‘Something had to give’: NHL coaching carousel spins as playoffs approach

Coaching changes sweep the NHL as teams look to playoffs

St. Louis Blues goaltender Jake Allen was floored when the only NHL coach he has ever played for was fired on Feb. 1. Ken Hitchcock’s dismissal was a stark reminder of just how precarious life in the pros is, even for one of the most successful coaches in league history.

“It’s tough for us to lose him, but I think we’ve all woken up a little bit,” Allen said recently. “I’ve shaken the cobwebs off and even though it was unfortunate circumstances it happens.”

The Blues are one of five teams to have already fired their coach this season â€” it happened three times last year — the Atlantic division-leading Montreal Canadiens joining the fray on Tuesday when Michel Therrien was replaced by Claude Julien, who was dismissed himself exactly one week earlier by the Boston Bruins.

Canadiens general manager Marc Bergevin said his team needed a “new energy, a new voice, a new direction”, believing he’s found those things in Julien, a Stanley Cup winner with the Bruins in 2011.

Best-case scenario for Montreal is that Julien jolts a stuttering team just as Mike Sullivan did with Pittsburgh last season. The Penguins didn’t just win more under their new coach, they evolved into an entirely different team that was consumed by speed and skill en route to a fourth Stanley Cup.

A mid-season coaching change also spurred the Penguins’ third Cup seven years earlier with Dan Bylsma, oddly enough, taking Therrien’s spot in February.

The Blues, now under Mike Yeo’s watch, could repeat such a feat in the coming months.

St. Louis had the third-best record in hockey last year and made it all the way to the Western Conference final. But they stumbled through the first half this year, hurt in particular by Allen’s struggles in goal. The club went from having the No. 1 goaltending in the league statistically to 30th at the time of Hitchcock’s firing.

Tellingly, the Blues won back-to-back games just once over the final two months of Hitchcock’s tenure.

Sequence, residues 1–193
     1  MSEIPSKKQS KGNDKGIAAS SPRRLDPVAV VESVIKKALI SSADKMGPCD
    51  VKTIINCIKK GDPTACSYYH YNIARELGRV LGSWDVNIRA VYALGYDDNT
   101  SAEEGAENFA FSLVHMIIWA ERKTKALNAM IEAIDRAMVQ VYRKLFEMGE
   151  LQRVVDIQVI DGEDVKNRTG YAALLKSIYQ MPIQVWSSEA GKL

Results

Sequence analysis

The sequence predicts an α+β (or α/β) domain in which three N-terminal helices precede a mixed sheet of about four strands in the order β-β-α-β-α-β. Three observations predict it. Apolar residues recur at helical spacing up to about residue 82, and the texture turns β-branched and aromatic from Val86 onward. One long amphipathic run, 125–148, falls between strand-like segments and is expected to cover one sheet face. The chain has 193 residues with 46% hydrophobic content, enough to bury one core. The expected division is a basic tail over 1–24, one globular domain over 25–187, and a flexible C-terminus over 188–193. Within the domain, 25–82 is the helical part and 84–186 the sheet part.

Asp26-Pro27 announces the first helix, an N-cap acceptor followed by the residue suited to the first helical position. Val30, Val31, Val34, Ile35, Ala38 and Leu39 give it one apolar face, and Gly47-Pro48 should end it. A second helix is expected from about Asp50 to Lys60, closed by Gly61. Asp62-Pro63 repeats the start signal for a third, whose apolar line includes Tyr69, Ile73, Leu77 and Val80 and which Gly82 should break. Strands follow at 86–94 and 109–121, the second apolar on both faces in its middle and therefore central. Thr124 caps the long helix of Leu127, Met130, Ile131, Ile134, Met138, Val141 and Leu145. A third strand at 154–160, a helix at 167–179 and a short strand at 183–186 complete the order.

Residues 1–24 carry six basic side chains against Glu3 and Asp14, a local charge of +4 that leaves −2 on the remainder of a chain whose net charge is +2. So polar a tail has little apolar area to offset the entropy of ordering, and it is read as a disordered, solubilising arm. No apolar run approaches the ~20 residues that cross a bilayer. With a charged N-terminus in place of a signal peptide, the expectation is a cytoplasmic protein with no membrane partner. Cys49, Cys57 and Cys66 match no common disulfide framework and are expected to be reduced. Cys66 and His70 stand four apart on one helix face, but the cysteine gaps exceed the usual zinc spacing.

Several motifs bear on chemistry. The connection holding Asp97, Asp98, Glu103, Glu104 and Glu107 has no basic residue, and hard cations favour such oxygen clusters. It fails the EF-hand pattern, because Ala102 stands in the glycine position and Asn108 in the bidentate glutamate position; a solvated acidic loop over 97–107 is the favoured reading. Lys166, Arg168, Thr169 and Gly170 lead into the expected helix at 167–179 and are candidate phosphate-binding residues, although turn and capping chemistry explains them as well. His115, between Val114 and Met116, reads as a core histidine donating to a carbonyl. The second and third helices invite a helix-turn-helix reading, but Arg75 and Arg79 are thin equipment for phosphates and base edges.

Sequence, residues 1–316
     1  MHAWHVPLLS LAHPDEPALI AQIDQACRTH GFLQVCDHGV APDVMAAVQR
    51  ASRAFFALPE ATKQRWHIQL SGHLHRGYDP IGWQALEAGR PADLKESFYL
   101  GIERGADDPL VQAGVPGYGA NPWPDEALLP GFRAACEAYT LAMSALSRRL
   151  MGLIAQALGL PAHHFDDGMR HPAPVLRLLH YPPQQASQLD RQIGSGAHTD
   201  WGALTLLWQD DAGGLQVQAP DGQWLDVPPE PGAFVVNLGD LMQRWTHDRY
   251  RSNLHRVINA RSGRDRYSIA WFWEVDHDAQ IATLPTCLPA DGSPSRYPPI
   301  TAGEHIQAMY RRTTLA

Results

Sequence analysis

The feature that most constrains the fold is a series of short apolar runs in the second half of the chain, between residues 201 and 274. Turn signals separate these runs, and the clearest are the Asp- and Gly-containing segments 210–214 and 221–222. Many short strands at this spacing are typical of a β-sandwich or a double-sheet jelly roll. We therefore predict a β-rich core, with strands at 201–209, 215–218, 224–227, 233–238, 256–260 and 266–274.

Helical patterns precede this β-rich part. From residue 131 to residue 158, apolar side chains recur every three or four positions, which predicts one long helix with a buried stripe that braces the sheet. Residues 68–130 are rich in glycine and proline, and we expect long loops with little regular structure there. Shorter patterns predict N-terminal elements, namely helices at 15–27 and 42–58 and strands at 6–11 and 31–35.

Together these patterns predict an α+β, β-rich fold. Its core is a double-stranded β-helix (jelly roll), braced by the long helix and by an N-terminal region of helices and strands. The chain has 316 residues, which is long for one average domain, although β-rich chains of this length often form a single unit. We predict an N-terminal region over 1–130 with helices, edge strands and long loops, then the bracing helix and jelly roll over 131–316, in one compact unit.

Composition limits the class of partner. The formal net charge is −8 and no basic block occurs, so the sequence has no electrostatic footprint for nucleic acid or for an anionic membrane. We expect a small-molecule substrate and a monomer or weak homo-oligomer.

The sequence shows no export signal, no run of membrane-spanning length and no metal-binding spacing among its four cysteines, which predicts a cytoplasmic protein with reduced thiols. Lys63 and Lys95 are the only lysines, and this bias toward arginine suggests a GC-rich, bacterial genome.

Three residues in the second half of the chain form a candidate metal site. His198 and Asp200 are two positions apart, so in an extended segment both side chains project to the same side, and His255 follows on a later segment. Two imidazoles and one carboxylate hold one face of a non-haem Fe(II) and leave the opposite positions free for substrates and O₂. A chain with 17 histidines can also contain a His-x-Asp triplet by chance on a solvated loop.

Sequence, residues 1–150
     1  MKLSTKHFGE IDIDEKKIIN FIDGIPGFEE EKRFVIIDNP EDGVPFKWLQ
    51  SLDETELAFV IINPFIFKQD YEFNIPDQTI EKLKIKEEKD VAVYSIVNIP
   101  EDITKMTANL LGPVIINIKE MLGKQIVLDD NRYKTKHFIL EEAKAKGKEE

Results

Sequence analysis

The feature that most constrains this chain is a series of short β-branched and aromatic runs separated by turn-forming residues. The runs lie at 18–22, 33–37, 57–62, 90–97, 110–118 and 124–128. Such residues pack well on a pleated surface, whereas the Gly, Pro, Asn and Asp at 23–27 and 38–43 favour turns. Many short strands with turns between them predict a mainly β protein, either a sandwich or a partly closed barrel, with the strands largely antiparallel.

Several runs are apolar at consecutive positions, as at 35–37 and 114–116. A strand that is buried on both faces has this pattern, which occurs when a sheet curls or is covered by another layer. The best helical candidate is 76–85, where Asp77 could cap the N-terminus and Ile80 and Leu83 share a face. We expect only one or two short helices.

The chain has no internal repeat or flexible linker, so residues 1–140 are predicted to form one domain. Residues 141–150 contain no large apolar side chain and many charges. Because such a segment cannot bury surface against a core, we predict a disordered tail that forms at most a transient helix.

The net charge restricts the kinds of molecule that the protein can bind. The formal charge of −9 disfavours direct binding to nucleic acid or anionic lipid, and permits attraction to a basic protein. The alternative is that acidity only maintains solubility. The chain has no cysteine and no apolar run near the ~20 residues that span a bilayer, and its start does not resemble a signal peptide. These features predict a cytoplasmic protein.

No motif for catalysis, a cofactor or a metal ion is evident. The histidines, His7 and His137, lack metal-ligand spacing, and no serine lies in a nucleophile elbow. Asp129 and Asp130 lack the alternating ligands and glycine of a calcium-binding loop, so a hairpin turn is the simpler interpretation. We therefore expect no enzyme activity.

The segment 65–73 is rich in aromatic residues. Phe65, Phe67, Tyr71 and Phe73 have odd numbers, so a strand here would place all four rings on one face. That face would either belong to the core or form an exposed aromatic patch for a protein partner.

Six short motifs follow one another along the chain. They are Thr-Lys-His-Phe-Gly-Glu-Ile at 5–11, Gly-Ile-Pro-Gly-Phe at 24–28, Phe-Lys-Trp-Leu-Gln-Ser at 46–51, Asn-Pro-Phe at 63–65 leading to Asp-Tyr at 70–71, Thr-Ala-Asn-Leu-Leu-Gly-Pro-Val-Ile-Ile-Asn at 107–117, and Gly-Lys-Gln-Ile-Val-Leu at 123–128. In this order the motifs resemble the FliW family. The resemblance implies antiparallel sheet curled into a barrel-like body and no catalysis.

“It was frustrating for everyone — coaches, players, everybody,” 33-year-old defenceman Jay Bouwmeester said. “It was just kind of like you want to turn it around, but it wasn’t happening. We were inconsistent with our play and that’s the bottom line. Something had to give and that was the road they went.

“It’s unfortunate any time it happens, but it’s done and you move along.”

Pegged to take over for Hitchcock after this season anyway, Yeo is among three assistants to slide into top duties this year, joining Doug Weight with the Islanders and Bruce Cassidy with the Bruins. Panthers GM Tom Rowe replaced Gerrard Gallant making Julien the only outside hire.

Familiarity can be an advantage to both players and their newly promoted coach. 

While not an assistant on the Penguins staff when he replaced Mike Johnston in December 2015, Sullivan had been directing the team’s minor league bench, making him familiar with those like Conor Sheary, Tom Kuhnhackl, Bryan Rust and Matt Murray, who all played suitably big roles in Pittsburgh’s Cup win.

Bouwmeester said a comfort level had already been established with Yeo when he slid in for Hitchcock, removing the need for that potentially awkward relationship-building phase. The veteran defenceman, now playing for his ninth NHL head coach, said Hitchcock commanded respect in the Blues room with unparalleled preparation, but Yeo, formerly the Minnesota Wild head coach, was “a different voice”.  

“He’s a little younger, maybe he kind of relates to some guys a little differently,” Bouwmeester said of the 43-year-old Yeo, who is 22 years younger than Hitchcock. “His communication has been good. He’s been good with practices, keeping things up-tempo, little subtle changes but nothing huge. It’s been good.”

The Blues won six of their first seven games under Yeo, outscoring the opposition 22-8 with Allen and backup Carter Hutton combining for three shutouts. The Islanders and Bruins have seen similar upswings while the Panthers had been treading water until recently when the club started to win more with key talents like Aleksander Barkov and Jonathan Huberdeau finally back from injury. 

Still with a strong grip on the Atlantic, meanwhile, Montreal is looking to rediscover under Julien that which fuelled a 13-1-1 start. Mediocre since mid-November, the club has struggled to score, especially in recent weeks, and Carey Price has also dropped off.

In his first comments since Tuesday’s announcement, Therrien said being an NHL coach is a “tough job.”

“It is gratifying on many levels but it can also quickly become a thankless task,” he said. “When a team is experiencing difficulties, any head coach knows his job is on the line.”

Players also understand this reality and have to quickly regroup when a coaching change is made, said Bouwmeester.

“For us I think it was a point in our season where all right it happened, but if we’re going to get to where we want to get â€” and that’s the playoffs — and then hopefully do something then we’ve got to pick it up,” Bouwmeester concluded of the Blues. “It’s unfortunate that something like that has to happen, but the way they were going something had to give.”

Jonas Siegel, The Canadian Press